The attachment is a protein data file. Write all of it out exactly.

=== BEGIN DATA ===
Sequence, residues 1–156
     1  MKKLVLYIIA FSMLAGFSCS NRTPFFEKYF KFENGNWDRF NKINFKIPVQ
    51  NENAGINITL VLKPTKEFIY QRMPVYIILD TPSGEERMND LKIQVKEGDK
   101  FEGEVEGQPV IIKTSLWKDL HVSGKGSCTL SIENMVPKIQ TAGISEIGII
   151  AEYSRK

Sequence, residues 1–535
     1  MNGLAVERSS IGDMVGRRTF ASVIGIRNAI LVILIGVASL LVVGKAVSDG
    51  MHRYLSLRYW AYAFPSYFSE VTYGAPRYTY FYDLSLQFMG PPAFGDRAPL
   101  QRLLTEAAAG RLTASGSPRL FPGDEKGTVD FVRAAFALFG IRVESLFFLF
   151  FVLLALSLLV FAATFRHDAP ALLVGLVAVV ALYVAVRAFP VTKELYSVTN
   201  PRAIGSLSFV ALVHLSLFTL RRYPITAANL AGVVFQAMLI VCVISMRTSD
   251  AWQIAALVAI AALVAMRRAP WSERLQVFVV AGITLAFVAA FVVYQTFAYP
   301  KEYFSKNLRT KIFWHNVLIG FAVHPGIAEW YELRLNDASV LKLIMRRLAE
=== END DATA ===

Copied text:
Sequence, residues 1–156
     1  MKKLVLYIIA FSMLAGFSCS NRTPFFEKYF KFENGNWDRF NKINFKIPVQ
    51  NENAGINITL VLKPTKEFIY QRMPVYIILD TPSGEERMND LKIQVKEGDK
   101  FEGEVEGQPV IIKTSLWKDL HVSGKGSCTL SIENMVPKIQ TAGISEIGII
   151  AEYSRK

Sequence, residues 1–535
     1  MNGLAVERSS IGDMVGRRTF ASVIGIRNAI LVILIGVASL LVVGKAVSDG
    51  MHRYLSLRYW AYAFPSYFSE VTYGAPRYTY FYDLSLQFMG PPAFGDRAPL
   101  QRLLTEAAAG RLTASGSPRL FPGDEKGTVD FVRAAFALFG IRVESLFFLF
   151  FVLLALSLLV FAATFRHDAP ALLVGLVAVV ALYVAVRAFP VTKELYSVTN
   201  PRAIGSLSFV ALVHLSLFTL RRYPITAANL AGVVFQAMLI VCVISMRTSD
   251  AWQIAALVAI AALVAMRRAP WSERLQVFVV AGITLAFVAA FVVYQTFAYP
   301  KEYFSKNLRT KIFWHNVLIG FAVHPGIAEW YELRLNDASV LKLIMRRLAE